The N-Word Is Not A Catchphrase

beibz

Profanity and hate speech are not the same thing.

I’ve been trying as hard as I can to stay away from commenting on these “Justin-Bieber-is-a-Racist” videos that have recently surfaced.

For one thing, Bieber was 14 years old when he made these comments. And he’s offered a solid apology that makes no excuses for his words. In any case, I tend to blame the parents when their little ones voice white supremacist views. (Where, by the way, are Bieber’s parents in all of this?) I know some of you think that white supremacy is some sort of biological fact, like rainbows and dog poop. Stop thinking that. Parents are responsible for intervening and reshaping their kids racist beliefs and attitudes.

Bieber-Mom, Bieber-Dad: I’m looking at you.

But I’ve also tried to ignore this new “scandal” about race because it’s become all too apparent that the cycle of media exposing, shaming, and defending racist (or sexist or homophobic) spectacles is just another manifestation of one of America’s most fundamental and contradictory traditions—simultaneously denying and defending oppression. We point out the ubiquity of racism in order to normalize it, not to tear it down.

Take for example the entire reason I’ve even decided to jump into this fray: John McWhorter’s recent article titled “Justin Bieber: Not a Racist, But Is He Really a Nigger?” I think the click-bait headline gives you a pretty good sense of how far down the rabbit hole McWhorter goes.

Here’s the gist: According to McWhorter, Bieber saying “run, nigger, run” and expressing an interest in joining the Klu Klux Klan isn’t racist at all. It’s just forbidden. Using denigrating and offensive language about people of color is just what white boys do to blow off steam. After all, McWhorter points out, it’s confusing for white people that they aren’t allowed to use the word nigger. Making it taboo is just begging for it to be used as a form of rebellion and self-expression. You understand that right, America?

Moreover, Bieber has black friends and “identifies closely enough with black culture.” Saying “nigger” is a show of “empathetic affection” or hapless bravado (McWhorter isn’t exactly sure which). After all, non-black people today are blacker than ever.

I am not making any of this up.

At face value, McWhorter’s arguments are so utterly fallacious that it barely merits further analysis. But since he decided to throw together a hodgepodge collection of every excuse in the book for using hate speech and racist language, I’ll just take a moment to tackle a few of them here:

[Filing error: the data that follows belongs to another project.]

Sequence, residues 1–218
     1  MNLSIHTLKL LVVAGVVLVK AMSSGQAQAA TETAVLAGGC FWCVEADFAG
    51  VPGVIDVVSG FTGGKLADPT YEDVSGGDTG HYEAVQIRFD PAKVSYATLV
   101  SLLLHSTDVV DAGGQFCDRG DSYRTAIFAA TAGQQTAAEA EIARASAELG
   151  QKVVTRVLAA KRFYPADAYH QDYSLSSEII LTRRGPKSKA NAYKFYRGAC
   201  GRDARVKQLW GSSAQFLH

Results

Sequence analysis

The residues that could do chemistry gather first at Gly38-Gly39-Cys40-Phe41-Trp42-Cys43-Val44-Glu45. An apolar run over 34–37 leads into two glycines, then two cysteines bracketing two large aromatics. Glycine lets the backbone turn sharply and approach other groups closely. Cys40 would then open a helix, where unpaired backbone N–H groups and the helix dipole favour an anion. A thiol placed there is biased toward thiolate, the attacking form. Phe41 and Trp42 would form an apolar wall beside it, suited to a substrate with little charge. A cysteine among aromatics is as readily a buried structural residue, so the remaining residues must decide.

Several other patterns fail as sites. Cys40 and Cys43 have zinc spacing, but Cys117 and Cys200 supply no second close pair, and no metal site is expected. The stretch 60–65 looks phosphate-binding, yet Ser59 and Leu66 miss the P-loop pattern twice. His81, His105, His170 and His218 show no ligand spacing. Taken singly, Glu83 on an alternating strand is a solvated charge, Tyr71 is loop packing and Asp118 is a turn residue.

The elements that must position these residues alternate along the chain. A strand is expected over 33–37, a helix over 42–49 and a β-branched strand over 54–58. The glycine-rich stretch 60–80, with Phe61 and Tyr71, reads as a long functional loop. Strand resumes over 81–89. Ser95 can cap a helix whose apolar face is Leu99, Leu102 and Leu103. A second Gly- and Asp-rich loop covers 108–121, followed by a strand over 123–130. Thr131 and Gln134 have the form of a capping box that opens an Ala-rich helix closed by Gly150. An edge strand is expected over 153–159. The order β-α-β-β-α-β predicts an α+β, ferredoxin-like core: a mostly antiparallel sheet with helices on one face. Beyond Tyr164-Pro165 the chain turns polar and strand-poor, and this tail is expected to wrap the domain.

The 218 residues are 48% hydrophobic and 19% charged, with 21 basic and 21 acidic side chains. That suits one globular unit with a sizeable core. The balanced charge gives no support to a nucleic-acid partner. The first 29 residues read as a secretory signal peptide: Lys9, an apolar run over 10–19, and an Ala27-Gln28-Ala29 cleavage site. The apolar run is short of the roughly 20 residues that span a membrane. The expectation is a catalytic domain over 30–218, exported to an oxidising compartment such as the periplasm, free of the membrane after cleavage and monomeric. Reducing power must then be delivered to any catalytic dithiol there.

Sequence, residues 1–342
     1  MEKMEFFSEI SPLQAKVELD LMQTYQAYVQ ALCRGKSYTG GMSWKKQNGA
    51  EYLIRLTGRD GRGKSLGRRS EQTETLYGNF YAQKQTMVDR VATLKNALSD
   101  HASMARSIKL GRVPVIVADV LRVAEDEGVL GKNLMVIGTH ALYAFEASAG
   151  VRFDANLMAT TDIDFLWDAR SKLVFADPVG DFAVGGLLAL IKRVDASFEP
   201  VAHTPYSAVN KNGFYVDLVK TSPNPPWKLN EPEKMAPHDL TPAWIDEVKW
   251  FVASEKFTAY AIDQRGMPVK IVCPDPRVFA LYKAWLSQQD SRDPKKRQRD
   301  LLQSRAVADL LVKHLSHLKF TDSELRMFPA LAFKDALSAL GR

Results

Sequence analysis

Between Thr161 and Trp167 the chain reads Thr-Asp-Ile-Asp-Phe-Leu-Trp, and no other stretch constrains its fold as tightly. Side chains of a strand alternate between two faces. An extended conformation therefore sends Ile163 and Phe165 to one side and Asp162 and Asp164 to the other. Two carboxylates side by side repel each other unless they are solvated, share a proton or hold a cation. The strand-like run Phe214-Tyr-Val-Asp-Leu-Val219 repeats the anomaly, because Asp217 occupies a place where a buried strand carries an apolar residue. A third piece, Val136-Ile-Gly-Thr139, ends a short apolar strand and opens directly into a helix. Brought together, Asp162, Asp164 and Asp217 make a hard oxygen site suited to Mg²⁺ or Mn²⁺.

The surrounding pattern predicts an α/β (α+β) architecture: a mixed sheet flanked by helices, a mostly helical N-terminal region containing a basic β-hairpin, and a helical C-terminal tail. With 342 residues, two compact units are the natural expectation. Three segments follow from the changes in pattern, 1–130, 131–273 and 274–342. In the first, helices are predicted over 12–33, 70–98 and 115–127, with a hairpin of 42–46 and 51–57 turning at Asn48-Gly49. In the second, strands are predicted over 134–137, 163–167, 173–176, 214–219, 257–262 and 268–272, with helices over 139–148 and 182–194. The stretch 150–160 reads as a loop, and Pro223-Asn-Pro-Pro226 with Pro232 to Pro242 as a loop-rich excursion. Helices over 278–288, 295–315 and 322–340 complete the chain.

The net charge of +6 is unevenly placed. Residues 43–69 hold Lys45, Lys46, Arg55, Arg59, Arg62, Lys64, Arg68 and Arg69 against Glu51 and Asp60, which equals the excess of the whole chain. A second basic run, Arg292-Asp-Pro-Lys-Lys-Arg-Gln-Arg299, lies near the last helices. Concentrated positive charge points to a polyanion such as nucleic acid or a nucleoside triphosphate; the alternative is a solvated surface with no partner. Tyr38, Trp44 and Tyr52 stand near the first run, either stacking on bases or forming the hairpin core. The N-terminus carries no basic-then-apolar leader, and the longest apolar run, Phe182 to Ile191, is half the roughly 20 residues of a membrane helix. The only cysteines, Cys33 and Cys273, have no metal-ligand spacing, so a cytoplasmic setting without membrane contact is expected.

First, profanity and hate speech are not the same thing. Here’s the difference: Slurs are words that denigrate, dehumanize, and belittle another human being for belonging to a group different than your own. Slurs cause mental and emotional damage that have material and structural impact. They remind others that you see them as less than yourself. Getting your mom to clutch her pearls because you scream “fuck!” is not the same thing as demeaning an entire group of people.

Second, joining a white supremacist group is racist. I can’t believe I just wrote that sentence, but apparently it had to be said. Racism refers to a society and value system based on racial hierarchy, and the Klu Klux Klan firmly places white people at the very top of its color-coded pyramid. And from the White House to the heartland, they’ve enforced these norms with brutal violence. (Sorry, Klu Klux Klan, I know you’re trying to rebrand).

And finally, hate speech should not be the way you have fun. This, too, is pretty straightforward. If you’re into cheap thrills, ride a motorcycle, or run naked down your town’s busiest street. Put a whoopee cushion on your friend’s chair. Dye your hair green. Do anything besides use words rooted in a long history of enslaving, raping, kidnapping, selling, lynching, murdering, incarcerating, and profiling people who look different from you. Find pleasure and humor in something other than the idea of joining a terrorist group responsible for the deaths and subjugation of millions of people they considered inferior.

You know why? Because that’s what decent people do. Having fun at the expense of people with less power and resources—that’s what bullies do. It’s not empathy and it sure as hell is not affection. And if avoiding hate speech toward other people strikes you as a great injustice in a society where it is illegal to give food to hungry people, then there is something deeply wrong with you.

And, by the way, this last guideline is one I apply to myself. As a straight person, I prefer to not use harmful words about gay people because I might harm someone. More than that, derogatory language serves as a way of asserting who belongs to a space, and who does not. I am fully aware that some people in the LGBTQ community have reclaimed historically pejorative words for their own use. Oppressed people find all sorts of ways to cope and survive that have nothing to do with what more powerful people want. That’s kind of the point.

Look, I have no stakes in proving or disproving Justin Bieber’s racism. But just because white supremacy is a deeply entrenched part of our culture doesn’t make it right. Justifying, trivializing, and excusing racism is an age-old hustle for people like McWhorter. If only they’d spend more time trying to undo it instead.

Khadijah Costley White is a faculty member in the Department of Journalism and Media Studies at Rutgers University in New Brunswick. Find her on Twitter here.

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